Anthony Lane Movie Reviews & Previews - Rotten Tomatoes

Anthony Lane

Anthony Lane
Anthony Lane's reviews only count toward the Tomatometer when published at the following Tomatometer-approved publication(s): New Yorker

Movie Reviews Only

Rating T-Meter Title | Year Review
88% Battle of the Sexes (2017) The steady procession of setups and payoffs can feel suspiciously pat. Yet the new movie holds more surprises.‐ New Yorker
Read More | Posted Sep 18, 2017
67% mother! (2017) If you gave an extremely bright fifteen-year-old a bag of unfamiliar herbs to smoke, and forty million dollars or so to play with, "Mother!" would be the result.‐ New Yorker
Read More | Posted Sep 18, 2017
100% Ex Libris: New York Public Library (2017) Graceful and all-embracing ...‐ New Yorker
Read More | Posted Sep 11, 2017
76% The Limehouse Golem (2017) It feels at once crammed and sketchy, riddled with flashbacks and framing devices, and woefully light on frights.‐ New Yorker
Read More | Posted Sep 4, 2017
69% The Unknown Girl (La fille inconnue) (2017) You think afresh of the film's title and wonder, Who is more unknown here, the nameless victim or the inscrutable doctor?‐ New Yorker
Read More | Posted Sep 4, 2017
43% Bushwick (2017) The effects are scarcely special, and Bushwick locals will have many bones to pick, but somehow the movie gets to you, with its doomy political soothsaying.‐ New Yorker
Read More | Posted Sep 4, 2017
93% Logan Lucky (2017) Such is the merriment of the new movie, and so spirited is its pace, that you barely notice the wavering of the tone.‐ New Yorker
Read More | Posted Aug 19, 2017
91% Marjorie Prime (2017) The film, with its coastal haze and its fickle gusts of rain, is likely to lodge in your memory. Or, as it will soon be called, your hard drive.‐ New Yorker
Read More | Posted Aug 19, 2017
84% Nocturama (2017) It is at once damnable and debonair. It seduces as it repels.‐ New Yorker
Read More | Posted Aug 14, 2017
88% Good Time (2017) It marks a major stride forward, at once sure-footed in its method and destabilizing in its effect.‐ New Yorker
Read More | Posted Aug 14, 2017
99% Whose Streets? (2017) There are sequences here, with officers arrayed in gas masks and guns mounted atop armored vehicles, that would not look out of place in a war film.‐ New Yorker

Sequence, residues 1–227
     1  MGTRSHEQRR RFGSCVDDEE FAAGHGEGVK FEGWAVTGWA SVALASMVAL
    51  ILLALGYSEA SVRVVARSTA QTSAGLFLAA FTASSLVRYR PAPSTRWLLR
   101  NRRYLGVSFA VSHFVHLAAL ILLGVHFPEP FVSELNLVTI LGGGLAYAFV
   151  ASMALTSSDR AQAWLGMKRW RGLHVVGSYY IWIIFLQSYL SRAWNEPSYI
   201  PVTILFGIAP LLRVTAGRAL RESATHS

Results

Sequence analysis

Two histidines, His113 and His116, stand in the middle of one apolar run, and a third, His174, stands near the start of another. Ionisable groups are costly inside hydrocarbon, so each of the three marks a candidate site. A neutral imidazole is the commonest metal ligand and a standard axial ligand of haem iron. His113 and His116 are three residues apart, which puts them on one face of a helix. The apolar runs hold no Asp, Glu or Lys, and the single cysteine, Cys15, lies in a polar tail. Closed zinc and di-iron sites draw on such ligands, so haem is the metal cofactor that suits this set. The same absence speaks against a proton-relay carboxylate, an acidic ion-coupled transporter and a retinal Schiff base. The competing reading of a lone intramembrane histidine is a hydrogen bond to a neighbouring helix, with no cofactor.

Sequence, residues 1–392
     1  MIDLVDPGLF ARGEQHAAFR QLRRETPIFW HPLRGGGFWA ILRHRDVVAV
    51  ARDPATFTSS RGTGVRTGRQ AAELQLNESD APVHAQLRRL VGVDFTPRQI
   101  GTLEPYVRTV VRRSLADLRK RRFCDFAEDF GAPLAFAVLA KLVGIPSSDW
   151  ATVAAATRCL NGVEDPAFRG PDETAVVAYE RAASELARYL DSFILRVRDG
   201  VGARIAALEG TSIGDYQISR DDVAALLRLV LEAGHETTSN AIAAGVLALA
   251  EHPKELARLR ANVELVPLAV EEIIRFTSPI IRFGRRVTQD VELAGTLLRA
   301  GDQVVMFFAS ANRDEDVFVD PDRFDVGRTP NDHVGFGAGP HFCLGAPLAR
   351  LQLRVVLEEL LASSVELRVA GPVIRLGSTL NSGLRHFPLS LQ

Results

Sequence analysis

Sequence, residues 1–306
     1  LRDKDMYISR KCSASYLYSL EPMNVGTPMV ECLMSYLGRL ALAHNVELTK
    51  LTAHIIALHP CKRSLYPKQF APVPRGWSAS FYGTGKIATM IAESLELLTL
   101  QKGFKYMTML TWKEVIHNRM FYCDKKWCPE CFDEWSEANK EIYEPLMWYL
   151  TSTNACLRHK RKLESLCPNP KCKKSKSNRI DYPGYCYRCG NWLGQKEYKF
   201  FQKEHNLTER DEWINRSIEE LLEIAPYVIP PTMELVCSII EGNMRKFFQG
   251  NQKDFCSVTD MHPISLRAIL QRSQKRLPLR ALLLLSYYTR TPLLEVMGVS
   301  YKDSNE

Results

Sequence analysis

Read More | Posted Jul 31, 2017
82% Detroit (2017) In some ways, "Detroit" is Bigelow's simplest work to date. Not that its methods are anything but agile and deft.‐ New Yorker
Read More | Posted Jul 31, 2017
93% Dunkirk (2017) The movie works. Time and again, the action swells and dips, like a wave, then suddenly delivers a salty slap in the face.‐ New Yorker
Read More | Posted Jul 24, 2017
88% Lady Macbeth (2017) Few movies this year will be more likely to molest your sleep.‐ New Yorker
Read More | Posted Jul 17, 2017
93% War for the Planet of the Apes (2017) Although it rouses and overwhelms, it ain't much fun. ... Still, there is much to relish.‐ New Yorker
Read More | Posted Jul 17, 2017
85% Okja (2017) What makes the jumble cohere, as usual with Bong, is his extraordinary grasp of space and speed, especially in the Korean half of the film.‐ New Yorker
Read More | Posted Jul 3, 2017
92% A Ghost Story (2017) The questions that Lowery raises hang in the air, like motes of dust, long after the movie is done.‐ New Yorker
Read More | Posted Jul 3, 2017
100% My Journey Through French Cinema (Voyage À Travers Le Cinéma Français) (2017) It would be a shame if the film were to be seen only by those already interested in French cinema. Anyone with an eye for grace, industry, resilience, rich shadows, and strong cigarettes should go along.‐ New Yorker
Read More | Posted Jun 26, 2017
93% Baby Driver (2017) The regrettable truth is that Baby's a dull boy.‐ New Yorker
Read More | Posted Jun 26, 2017
98% The Big Sick (2017) Deft and appealing ...‐ New Yorker
Read More | Posted Jun 19, 2017
78% The Beguiled (2017) "The Beguiled" runs for ninety-four minutes, and even those feel like a stretch.‐ New Yorker
Read More | Posted Jun 19, 2017
77% Beatriz at Dinner (2017) Arteta is clearly confident of preaching to the converted, and of whipping up indignation at those who mean us harm. Thanks to his leading players, however, the movie grows limber, ambiguous, and twice as interesting, and the sermon goes astray.‐ New Yorker
Read More | Posted Jun 12, 2017
92% I, Daniel Blake (2017) Politically, of course, it cleaves to the left, yet by temperament it shrinks from progress.‐ New Yorker
Read More | Posted Jun 12, 2017
84% Letters From Baghdad (2017) You emerge from the film with a divided heart: thrilled to hear of a woman who, ignoring the dictates of the age, filled her days to overflowing, yet ashamed to measure your own days and to find them, by comparison, hollow and bare.‐ New Yorker
Read More | Posted May 29, 2017
18% Baywatch (2017) Thank heaven for Dwayne Johnson, whose foot-wide smile will not be switched off, and who saves the life of the movie. Whether it deserves to be saved is another matter.‐ New Yorker